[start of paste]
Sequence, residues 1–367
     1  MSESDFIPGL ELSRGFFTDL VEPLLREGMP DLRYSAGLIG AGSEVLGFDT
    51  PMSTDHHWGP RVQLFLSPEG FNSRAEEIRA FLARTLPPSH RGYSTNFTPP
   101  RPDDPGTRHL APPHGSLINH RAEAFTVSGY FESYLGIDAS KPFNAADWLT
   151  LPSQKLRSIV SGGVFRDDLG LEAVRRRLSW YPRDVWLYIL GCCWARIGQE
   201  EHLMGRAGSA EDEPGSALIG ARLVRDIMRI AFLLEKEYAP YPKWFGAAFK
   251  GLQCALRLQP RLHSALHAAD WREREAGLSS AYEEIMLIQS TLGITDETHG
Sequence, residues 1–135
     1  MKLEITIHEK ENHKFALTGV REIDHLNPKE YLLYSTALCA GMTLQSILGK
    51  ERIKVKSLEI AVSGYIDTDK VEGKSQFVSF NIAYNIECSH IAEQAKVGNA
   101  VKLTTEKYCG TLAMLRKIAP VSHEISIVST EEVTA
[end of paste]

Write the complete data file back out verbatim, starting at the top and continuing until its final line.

Sequence, residues 1–367
     1  MSESDFIPGL ELSRGFFTDL VEPLLREGMP DLRYSAGLIG AGSEVLGFDT
    51  PMSTDHHWGP RVQLFLSPEG FNSRAEEIRA FLARTLPPSH RGYSTNFTPP
   101  RPDDPGTRHL APPHGSLINH RAEAFTVSGY FESYLGIDAS KPFNAADWLT
   151  LPSQKLRSIV SGGVFRDDLG LEAVRRRLSW YPRDVWLYIL GCCWARIGQE
   201  EHLMGRAGSA EDEPGSALIG ARLVRDIMRI AFLLEKEYAP YPKWFGAAFK
   251  GLQCALRLQP RLHSALHAAD WREREAGLSS AYEEIMLIQS TLGITDETHG
Sequence, residues 1–135
     1  MKLEITIHEK ENHKFALTGV REIDHLNPKE YLLYSTALCA GMTLQSILGK
    51  ERIKVKSLEI AVSGYIDTDK VEGKSQFVSF NIAYNIECSH IAEQAKVGNA
   101  VKLTTEKYCG TLAMLRKIAP VSHEISIVST EEVTA